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Eamon Barkhordarian Malik Gill Kabir Gill 11/1/2011 Physics APB

The Traffic Problem It was a beautiful, lazy Sunday afternoon. The calm breeze was just barely sweeping the streets. The sun was glistening. The birds were chirping with utmost passion, and there was a calm, serene feeling that was blessing the entire community. Everyone was driving very slowly.

But Tim was late for Sunday school. As he hurried to Gunn, too much was on his mind. Cars zoomed by him as he panted his way to school.

He was almost there. As he approached the T-intersection of Gunn High School to make a right, the light turned red. It didnt matter. Tim chose to break the law and cross the red light to try and make it to school on time. Yet, he didnt see the car pulling out of the parking lot and crashed head first into the vehicle.

He was out cold, and the car he crashed into had a massive dent on its side with the shape of a bike. Good job Tim. Great Job. Luckily, Tims good friend Harley Davidson was there to take him to the hospital.

Investigators later visited the scene and wanted to decide if Tim had a reasonable amount of time to turn on the intersection, or if he simply was a crappy biker. To see, the investigators decided to find out how many vehicles could pass through intersection during a green-yellowred interval.

Eamon Barkhordarian Malik Gill Kabir Gill 11/1/2011 Physics APB

Our rules: 2 meter long motorbike 1 meter distance between each bike 2 lanes 20 meter long intersection. 20 meter wide intersection. 30 second light: 25 seconds green, 5 seconds yellow (25 seconds red) Speed limit 60 mph Bikes accelerate at 2 m/s 2 second reaction time Bikes cross the intersection once the front of the bike crosses the first line.

Eamon Barkhordarian Malik Gill Kabir Gill 11/1/2011 Physics APB

Written Description The intersection Tim got hit on was a T intersection, but now because of the accident, the split side of the T was cut off, leaving a straight, two lane road. (See picture if confused). The intersection itself is a square that is 20 meters by 20 meters. The road is two-laned and filled with motorcyclists, who all use the same brand of motorcycle that is 2 meters long. The front of the first bike of each lane is exactly on the line of the intersection, but not in the intersection. Every bike behind the first bike is one meter apart from each other. Also, the front 2 bikers have instant reaction times when the light turns green, and every biker behind them has a two second reaction time from the biker in front of them. Each bike accelerates at 2 meters/second. The stoplights are green for exactly 25 seconds, yellow for 5 seconds, and then red for 20 seconds (30 second length). To cross the intersection, the front of a motorbike has to have crossed the line of the intersection, and then we assumed that it would be out of the intersection in time.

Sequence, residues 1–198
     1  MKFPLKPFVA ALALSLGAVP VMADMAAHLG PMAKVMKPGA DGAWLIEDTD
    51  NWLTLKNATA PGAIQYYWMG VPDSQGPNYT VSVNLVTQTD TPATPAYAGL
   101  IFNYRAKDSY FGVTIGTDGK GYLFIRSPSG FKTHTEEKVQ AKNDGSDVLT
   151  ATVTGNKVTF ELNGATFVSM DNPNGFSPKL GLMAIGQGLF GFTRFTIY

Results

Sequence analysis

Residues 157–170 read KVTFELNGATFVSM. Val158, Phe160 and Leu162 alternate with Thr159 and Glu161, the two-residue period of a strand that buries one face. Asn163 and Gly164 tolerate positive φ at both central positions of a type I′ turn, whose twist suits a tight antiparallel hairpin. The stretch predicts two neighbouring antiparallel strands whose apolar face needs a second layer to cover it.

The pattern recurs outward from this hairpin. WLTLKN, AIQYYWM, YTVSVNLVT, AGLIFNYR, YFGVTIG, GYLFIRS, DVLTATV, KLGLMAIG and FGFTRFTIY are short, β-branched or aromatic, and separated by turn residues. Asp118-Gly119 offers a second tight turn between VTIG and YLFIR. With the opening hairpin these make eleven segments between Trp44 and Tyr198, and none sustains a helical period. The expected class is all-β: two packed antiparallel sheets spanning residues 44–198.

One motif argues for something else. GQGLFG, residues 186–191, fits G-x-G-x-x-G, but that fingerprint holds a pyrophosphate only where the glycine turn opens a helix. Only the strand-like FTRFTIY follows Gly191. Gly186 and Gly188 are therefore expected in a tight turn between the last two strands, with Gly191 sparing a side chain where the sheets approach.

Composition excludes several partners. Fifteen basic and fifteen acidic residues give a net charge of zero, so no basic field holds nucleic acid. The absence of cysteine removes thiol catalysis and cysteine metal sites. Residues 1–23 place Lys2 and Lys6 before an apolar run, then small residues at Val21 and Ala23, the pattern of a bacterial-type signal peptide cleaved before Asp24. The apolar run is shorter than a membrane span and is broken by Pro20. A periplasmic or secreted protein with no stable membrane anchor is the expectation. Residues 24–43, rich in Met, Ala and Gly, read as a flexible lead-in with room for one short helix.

How we came up with our rules We came up with our measurements by using common sense rather than experimentation. We figured that the average bike on a Lazy Sunday could accelerate at 2 meters/second, so we implemented it into our problem. The green light lasts long so we could have a realistic amount of cars go through the intersection. The two second reaction time is also what we figured our own reaction times would be, because people are not always looking at the car in front of them (sometimes they are changing the radio stations or putting on makeup, etc.).

Eamon Barkhordarian Malik Gill Kabir Gill 11/1/2011 Physics APB

Equations Used First we made an equation to find the distance to the intersection for each bike. We first made a table of the values for the different cars considering the length of each bike and the distance between bikes. X (# of bikes from intersection) 1 2 3 4 Y (distance from intersection) 0 3 6 9

We then created the equation from the table above: position (meters from intersection) = 3(X-1) where x is the number of the bikes from the intersection.

Then we calculated the time it would take for each bike to make it to the intersection using the equation for position which is x= at2 + Vot + Xo . Since our acceleration was 2, our initial velocity was 0, and our initial position was zero, we found that time it would take for each bike to make it to the intersection would always be the square root of the distance equation. As a result, we got :

Time to intersection (seconds) = 3(x-1) where x is the number of the bikes from the intersection.

Eamon Barkhordarian Malik Gill Kabir Gill 11/1/2011 Physics APB

Now we have to account for the reaction time that each driver would have (2 seconds). So at the end of the equation we add 2(x-1) where x is the number of the bikes from the intersection so that the final equation is: Time to intersection (seconds) = (3(x-1) + 2(x-1) where x is the number of bikes from the intersection.

Because the intersection lasts 30 seconds (25 seconds green and 5 seconds yellow), we plugged in 30 seconds for time and solved for the amount of cars. 30 = (3(x-1)) + 2(x-1). We brought 30 to the other side of the equation and calculated the zero for the equation 0=(3(x-1) + 2(x-1) - 30.

Our answer was 13 cars from one lane, but because there are two lanes, we multiply this by two and find that 26 cars will make it through the intersection each cycle.